We celebrated New Year’s Eve by taking a stroll in the Centro Historico and gawking at the cathedrals Quito is famous for. I wanted to take a photo of La Compania de Jesus, but was stopped in mid-flash by an officious toad who refused to budge on the rules, even on a holiday.
The church is covered completely in gold-leaf and so shiny, I had to fight the urge to shield my eyes. Despite its awesomeness, I would not describe the ostentatious decor as beautiful – it is too reminiscent of something sweet & tawdry – a giant foil-wrapped bom-bom, instead of the usual incense and mystery that I like so much in cathedrals.
After touring the churches, we walked to the Plaza Grande, where there was a parade with much merriment and dancing. In Ecuador, the parades are interactive and we joined in, following the partying crowds around the city. The parade featured a whole host of religious and cultural personages, and like the country itself, these seemingly opposing groups merge together to form something unique.
There were folks in conquistador and indigenous costumes, as well as witches, angels, saints, princesses, goats, and of course, a king and queen. A shaman led the procession, also functioning as DJ.
The crowd headed to the presidential palace, where there were several protests going on. One of them consisting of angry union workers waving tiny año viejos aloft on their shoulders and chanting for equal pay. Año viejos, if you haven’t guessed by now, are clever effigies that celebrate the end of the year, often sporting funny or political messages. We saw some great ones after the procession, when it is traditional to walk around the Avenida Amazonas picking out your favourites. Among the popular ones this year:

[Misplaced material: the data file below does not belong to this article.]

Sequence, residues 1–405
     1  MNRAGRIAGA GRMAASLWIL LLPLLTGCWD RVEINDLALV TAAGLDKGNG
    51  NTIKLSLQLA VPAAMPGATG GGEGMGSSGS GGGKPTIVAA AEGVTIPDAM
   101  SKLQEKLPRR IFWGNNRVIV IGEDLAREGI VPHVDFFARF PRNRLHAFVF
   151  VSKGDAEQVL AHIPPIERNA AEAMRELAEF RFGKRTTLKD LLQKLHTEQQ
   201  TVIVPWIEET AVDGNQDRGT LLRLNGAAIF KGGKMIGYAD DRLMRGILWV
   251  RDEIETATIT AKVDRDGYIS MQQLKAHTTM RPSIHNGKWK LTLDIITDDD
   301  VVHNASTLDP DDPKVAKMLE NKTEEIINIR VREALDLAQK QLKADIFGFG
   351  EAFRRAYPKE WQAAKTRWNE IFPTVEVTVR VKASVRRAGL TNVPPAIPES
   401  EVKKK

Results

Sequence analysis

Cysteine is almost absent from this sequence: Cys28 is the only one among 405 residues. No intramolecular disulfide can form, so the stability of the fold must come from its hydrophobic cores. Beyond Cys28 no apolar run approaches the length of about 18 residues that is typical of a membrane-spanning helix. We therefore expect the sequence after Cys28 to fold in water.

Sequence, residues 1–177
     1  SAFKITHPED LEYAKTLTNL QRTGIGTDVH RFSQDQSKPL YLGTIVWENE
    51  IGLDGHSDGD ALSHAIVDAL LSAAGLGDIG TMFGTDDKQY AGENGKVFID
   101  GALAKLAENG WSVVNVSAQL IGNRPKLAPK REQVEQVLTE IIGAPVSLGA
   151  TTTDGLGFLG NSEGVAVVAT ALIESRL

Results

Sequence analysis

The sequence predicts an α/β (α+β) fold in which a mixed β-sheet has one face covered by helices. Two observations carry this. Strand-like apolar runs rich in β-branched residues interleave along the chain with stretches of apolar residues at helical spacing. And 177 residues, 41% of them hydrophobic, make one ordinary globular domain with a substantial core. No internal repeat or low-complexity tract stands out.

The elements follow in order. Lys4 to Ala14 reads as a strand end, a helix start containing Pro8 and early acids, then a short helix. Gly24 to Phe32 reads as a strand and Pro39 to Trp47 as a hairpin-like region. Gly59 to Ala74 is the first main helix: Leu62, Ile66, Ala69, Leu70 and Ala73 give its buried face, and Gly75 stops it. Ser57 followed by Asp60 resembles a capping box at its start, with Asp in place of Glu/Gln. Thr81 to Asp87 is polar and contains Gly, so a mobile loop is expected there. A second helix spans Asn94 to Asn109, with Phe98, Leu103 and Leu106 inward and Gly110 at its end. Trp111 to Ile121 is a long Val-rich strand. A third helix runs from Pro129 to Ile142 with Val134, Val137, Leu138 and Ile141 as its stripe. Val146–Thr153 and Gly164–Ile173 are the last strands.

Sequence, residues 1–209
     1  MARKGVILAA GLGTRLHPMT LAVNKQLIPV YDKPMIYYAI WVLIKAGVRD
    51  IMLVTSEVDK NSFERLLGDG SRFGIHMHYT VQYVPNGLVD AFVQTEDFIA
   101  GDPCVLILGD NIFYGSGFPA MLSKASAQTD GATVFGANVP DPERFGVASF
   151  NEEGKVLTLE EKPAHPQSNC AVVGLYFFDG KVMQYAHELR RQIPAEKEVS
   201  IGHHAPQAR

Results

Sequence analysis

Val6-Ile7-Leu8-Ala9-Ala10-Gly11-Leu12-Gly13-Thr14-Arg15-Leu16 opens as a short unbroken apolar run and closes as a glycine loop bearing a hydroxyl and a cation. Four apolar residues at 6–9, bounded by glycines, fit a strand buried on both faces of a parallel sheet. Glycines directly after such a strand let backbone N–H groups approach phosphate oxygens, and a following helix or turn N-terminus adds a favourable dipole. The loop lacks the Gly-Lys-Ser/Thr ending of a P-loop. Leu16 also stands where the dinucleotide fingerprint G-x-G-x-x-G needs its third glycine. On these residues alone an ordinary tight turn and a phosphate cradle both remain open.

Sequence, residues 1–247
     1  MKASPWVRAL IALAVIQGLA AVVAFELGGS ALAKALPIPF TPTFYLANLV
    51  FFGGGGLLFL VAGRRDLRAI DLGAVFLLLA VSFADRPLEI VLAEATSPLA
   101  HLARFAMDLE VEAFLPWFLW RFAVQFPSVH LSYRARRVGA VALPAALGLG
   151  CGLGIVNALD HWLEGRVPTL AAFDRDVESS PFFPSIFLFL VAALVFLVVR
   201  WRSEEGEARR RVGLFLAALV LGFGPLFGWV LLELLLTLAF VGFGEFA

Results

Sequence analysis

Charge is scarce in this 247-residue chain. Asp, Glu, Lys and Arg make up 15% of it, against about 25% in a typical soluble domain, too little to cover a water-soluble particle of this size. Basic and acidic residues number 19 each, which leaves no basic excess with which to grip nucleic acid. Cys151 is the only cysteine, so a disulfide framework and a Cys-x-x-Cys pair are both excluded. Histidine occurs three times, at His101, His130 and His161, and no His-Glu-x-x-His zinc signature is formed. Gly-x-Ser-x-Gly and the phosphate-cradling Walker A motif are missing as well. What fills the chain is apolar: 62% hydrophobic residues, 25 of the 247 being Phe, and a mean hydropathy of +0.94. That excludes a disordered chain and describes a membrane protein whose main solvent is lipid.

1. BP petroleum employees
2. Deforestation workers along with appropriately endangered flora and fauna
3. Politicians (primarily Ecuadorian but also Obama and Hilary)
4. Woody and Buzz Lightyear from Toy Story
We spent the evening drinking mojitos in a terrace bar with wonderful views of the Avenue of the Volcanos.
Some folks we befriended told us about the Ecuadorian new year superstitions:
1. If you run around the block very quickly with your suitcase, you will travel in the new year.
2. If you wear yellow underwear (actually on sale on more than a few street corners), it will bring you great prosperity.
3. If you put money in your shoe you will be wealthy.
4. If you strike an Ano Viejo twelve times on the head at midnight (one to represent each month) good things will happen in the next year.
While tempted, we didn’t do any of those things, except number 3, and that was more to deter thieves than to bring us wealth. But who knows? Maybe we’ll be lucky.
At midnight, the Viejos were thrown into funeral pyres and lit simultaneously. We sang Auld Lang Syne but didn’t partake in the leaping over the fire tradition, although we noticed a few seared trousers. After there was nothing left of the effigies but ashes, the crowds began to disperse. Tired and happy, we went to bed smelling of smoke.
Happy New Year to all don’t forget to sport yellow underwear and run around the block with your suitcase if you want excitement in 2012.